78 LTx candidates and 33 recipients
Age 59 ± 12 years
Male/female: 37/41
Age 58 ± 12 years
Male/female: 20/13
Aerobic and resistance training programme tailored to the individual At least three times a week
26 LTx candidates used a treadmill, with sessions increasing in mean duration (from 16 to 22 min, p = 0.002)
A total of nine LTx recipients used a treadmill that increased in speed (from 1.9 to 2.7 mph; p = 0.003)
Physical activity
Self-efficacy For Exercise (SEE) scale
Aerobic and resistance exercise volumes
6-min walk test
Short Physical Performance Battery (SPPB)
35/42 (83%) candidates agreed that the app helped prepare them for surgery
18/21 (85%) recipients found the app helpful in their self-recovery
On the Rapid Assessment of Physical Activity questionnaire (RAPA), 57% of LTx candidates scored as active, which improved to 87% (p = 0.02; n = 0 23). Quadriceps weight increased.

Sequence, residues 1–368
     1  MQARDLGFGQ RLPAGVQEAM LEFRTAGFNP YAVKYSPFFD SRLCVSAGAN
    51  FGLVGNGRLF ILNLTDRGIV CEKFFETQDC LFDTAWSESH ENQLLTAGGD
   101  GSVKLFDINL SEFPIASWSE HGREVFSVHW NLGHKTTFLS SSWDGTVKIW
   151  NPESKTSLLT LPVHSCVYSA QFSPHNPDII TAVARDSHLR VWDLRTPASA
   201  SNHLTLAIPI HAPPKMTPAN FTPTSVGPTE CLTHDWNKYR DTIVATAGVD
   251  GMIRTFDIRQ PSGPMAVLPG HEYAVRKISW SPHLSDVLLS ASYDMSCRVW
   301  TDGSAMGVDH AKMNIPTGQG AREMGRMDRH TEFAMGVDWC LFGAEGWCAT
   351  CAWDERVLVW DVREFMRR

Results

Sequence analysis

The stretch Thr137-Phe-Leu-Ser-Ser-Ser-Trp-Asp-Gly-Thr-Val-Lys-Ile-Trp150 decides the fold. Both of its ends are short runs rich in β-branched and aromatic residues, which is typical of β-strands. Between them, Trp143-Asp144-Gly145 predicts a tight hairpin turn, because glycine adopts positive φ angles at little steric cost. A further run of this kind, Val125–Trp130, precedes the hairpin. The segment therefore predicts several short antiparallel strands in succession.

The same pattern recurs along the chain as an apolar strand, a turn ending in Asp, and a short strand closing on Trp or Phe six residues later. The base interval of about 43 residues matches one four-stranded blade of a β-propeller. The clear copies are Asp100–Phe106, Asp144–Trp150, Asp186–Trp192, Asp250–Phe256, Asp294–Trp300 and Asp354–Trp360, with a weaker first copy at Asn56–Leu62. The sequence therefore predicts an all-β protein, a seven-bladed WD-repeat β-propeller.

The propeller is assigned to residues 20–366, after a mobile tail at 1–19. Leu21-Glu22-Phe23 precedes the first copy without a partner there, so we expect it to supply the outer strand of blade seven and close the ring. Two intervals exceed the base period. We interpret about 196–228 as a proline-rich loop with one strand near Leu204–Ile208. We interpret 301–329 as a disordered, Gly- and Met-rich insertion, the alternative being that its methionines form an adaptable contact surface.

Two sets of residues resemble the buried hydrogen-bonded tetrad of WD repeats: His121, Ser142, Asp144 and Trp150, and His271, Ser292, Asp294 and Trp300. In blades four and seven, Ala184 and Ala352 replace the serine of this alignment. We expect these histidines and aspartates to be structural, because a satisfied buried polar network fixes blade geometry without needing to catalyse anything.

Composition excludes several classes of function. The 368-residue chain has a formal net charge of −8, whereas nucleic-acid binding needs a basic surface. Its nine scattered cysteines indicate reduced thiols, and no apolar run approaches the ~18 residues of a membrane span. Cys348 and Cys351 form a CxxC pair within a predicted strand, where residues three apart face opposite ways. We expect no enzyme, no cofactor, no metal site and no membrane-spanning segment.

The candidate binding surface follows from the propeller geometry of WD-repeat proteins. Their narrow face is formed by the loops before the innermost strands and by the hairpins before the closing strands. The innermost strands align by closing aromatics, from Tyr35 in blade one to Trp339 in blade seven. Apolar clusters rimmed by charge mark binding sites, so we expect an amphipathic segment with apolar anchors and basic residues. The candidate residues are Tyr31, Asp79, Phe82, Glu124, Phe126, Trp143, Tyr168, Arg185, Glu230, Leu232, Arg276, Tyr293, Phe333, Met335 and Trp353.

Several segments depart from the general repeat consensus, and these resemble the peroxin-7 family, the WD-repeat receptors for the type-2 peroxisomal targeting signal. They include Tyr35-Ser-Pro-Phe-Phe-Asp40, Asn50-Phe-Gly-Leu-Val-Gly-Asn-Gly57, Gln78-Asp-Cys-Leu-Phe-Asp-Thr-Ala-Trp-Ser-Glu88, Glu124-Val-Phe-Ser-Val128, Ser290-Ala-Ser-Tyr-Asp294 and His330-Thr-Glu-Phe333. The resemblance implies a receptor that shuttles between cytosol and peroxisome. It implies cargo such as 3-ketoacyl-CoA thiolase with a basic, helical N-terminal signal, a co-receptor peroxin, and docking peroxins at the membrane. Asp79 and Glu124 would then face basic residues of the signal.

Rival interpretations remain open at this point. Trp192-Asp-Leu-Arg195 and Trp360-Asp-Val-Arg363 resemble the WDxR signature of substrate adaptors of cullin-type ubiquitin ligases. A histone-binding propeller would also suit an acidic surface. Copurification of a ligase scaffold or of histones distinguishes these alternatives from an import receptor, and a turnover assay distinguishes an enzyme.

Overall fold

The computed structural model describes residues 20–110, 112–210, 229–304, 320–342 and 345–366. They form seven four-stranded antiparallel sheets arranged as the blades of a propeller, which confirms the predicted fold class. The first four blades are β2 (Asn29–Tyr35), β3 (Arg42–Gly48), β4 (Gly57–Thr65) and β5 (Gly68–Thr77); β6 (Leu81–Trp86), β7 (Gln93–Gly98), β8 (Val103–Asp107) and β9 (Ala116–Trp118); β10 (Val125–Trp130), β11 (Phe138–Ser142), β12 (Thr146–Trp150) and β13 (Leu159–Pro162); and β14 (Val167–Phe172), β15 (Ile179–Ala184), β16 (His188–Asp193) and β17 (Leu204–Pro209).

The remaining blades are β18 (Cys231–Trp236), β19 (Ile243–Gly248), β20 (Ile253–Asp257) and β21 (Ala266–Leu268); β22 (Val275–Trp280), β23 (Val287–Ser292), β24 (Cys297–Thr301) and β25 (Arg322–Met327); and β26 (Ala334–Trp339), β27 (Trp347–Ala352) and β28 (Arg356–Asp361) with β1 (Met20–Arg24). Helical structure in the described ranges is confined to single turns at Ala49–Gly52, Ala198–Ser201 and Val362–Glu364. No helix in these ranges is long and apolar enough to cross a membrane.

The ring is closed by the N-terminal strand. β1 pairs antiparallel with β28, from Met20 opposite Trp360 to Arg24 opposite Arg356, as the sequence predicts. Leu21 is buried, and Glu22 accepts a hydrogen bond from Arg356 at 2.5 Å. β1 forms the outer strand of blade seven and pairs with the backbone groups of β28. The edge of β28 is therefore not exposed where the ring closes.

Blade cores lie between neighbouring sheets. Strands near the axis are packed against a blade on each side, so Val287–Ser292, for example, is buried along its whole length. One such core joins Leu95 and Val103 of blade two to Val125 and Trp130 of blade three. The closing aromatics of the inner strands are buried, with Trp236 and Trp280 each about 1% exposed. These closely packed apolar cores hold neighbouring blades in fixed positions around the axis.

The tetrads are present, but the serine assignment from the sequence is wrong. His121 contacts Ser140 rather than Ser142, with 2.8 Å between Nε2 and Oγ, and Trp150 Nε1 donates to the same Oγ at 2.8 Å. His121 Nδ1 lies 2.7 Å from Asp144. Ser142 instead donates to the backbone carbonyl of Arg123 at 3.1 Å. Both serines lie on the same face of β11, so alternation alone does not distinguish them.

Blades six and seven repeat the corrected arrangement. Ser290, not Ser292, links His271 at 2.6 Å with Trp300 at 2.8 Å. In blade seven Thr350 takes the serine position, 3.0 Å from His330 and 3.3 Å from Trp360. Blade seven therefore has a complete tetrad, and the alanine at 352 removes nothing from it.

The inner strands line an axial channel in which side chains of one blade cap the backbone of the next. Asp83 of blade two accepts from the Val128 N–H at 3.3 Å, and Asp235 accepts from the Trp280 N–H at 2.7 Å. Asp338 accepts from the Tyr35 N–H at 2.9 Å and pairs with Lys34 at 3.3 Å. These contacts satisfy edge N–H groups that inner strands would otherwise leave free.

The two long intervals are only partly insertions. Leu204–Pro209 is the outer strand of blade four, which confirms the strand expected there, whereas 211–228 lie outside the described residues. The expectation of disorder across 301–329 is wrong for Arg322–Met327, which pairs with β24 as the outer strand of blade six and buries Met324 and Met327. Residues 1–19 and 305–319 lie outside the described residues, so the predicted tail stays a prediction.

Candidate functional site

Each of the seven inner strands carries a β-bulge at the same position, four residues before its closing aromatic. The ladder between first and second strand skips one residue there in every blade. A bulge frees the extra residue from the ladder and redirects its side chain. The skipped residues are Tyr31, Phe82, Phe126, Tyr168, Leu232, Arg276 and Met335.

Study type
4-week telerehabilitation programme
78 LTx candidates and 33 recipients
Telerehabilitation Using Fitness Application in Patients with Severe Cystic Fibrosis Awaiting Lung Transplant: A Pilot Study Aimee M Layton et al. [10]
Home PR (n = 11)
Male/female: 6/5
age 30 ± 10 years
Outpatient hospital PR (n = 8)
Male/female: 0/8
age 29 ± 7 years
Participants were provided with a personalised exercise programme and equipment, including a fitness application that provided exercise videos, recorded exercise time, and corresponding heart rate.
Physical activity
6-min walk test
Basic spirometry
Cardiopulmonary Exercise Test (CPET)
Borg scale
The main outcome was adherence. Secondary outcomes were adverse events.